End of Europe's Middle Ages

The Visconti and Sforza in Milan

Giangaleazzo Visconti's royal ambitions led him to expand Milanese control throughout most of Lombardy, east toward Venice and southward into the Papal States and Tuscany. His bureaucracy was extremely efficient and included perhaps the best espionage network of the period - his ambassadors in Rome were known to have sent two or three dispatches each day in times of crisis. Giangaleazzo Visconti died unexpectedly in 1402 just as he was beginning to mount his campaign against Florence. His son, Gian Maria (1402-1412) was a psychopath who quickly alienated his supporters and was assassinated by his brother, Filippo Maria (1412-1447).

Galeazzo Maria Sforza

Filippo Maria tried to re-establish his father's policies but by then surrounding states were better prepared to resist Milanese expansion. He died without heirs and his daughter, Bianca, married Francesco Sforza, one of the most powerful mercenary captains in Milan. After three years of trying to establish republican government, the Milanese asked Sforza to step in and restore order in 1450. Having settled the situation, Sforza declared himself to be the successor to the Visconti dynasty through his wife and ruled as Duke of Milan until his death in 1466.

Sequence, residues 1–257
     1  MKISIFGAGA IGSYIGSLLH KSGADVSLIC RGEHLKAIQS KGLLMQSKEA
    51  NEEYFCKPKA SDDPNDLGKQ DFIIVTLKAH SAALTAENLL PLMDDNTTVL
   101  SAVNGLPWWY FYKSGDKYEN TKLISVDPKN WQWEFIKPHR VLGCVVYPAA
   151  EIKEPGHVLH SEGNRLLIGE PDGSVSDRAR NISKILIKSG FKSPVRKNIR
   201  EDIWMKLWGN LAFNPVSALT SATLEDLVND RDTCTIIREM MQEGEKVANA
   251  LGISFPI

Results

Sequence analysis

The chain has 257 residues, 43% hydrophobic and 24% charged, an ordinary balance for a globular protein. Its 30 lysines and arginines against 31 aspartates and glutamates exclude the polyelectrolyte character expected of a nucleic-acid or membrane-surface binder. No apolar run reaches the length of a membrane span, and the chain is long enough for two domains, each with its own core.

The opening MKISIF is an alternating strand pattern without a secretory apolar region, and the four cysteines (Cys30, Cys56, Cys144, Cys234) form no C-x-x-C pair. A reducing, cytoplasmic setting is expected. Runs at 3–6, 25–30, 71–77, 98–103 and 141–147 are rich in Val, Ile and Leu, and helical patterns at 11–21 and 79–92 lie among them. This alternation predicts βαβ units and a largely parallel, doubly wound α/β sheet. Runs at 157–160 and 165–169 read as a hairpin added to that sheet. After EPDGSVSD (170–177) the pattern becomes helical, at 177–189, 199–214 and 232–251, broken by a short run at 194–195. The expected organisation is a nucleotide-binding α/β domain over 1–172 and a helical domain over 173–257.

Francesco's son, Galeazzo Maria (1466-1476), proved to be so malignant that his assassination was plotted by leading Milanese families who argued that a tyrant should be killed for the good of the community. The infant Giangaleazzo Sforza (1467-1494) was left to rule with first his mother and then his uncle, Lodovico Sforza (1494-1499), as regents.

Lodovico expropriated the ducal power as regent and finally took the title for himself when Giangaleazzo died in 1494. Incompetent both militarily and diplomatically, Lodovico was considered a boorish usurper by many people in Milan as well as outside the state. When the French king, Louis XII (1498-1515), claimed the duchy, Lodovico was quickly deserted and forced to flee in 1499, leaving Milan to French domination.

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The End of Europe's Middle Ages / Applied History Research Group / University of Calgary
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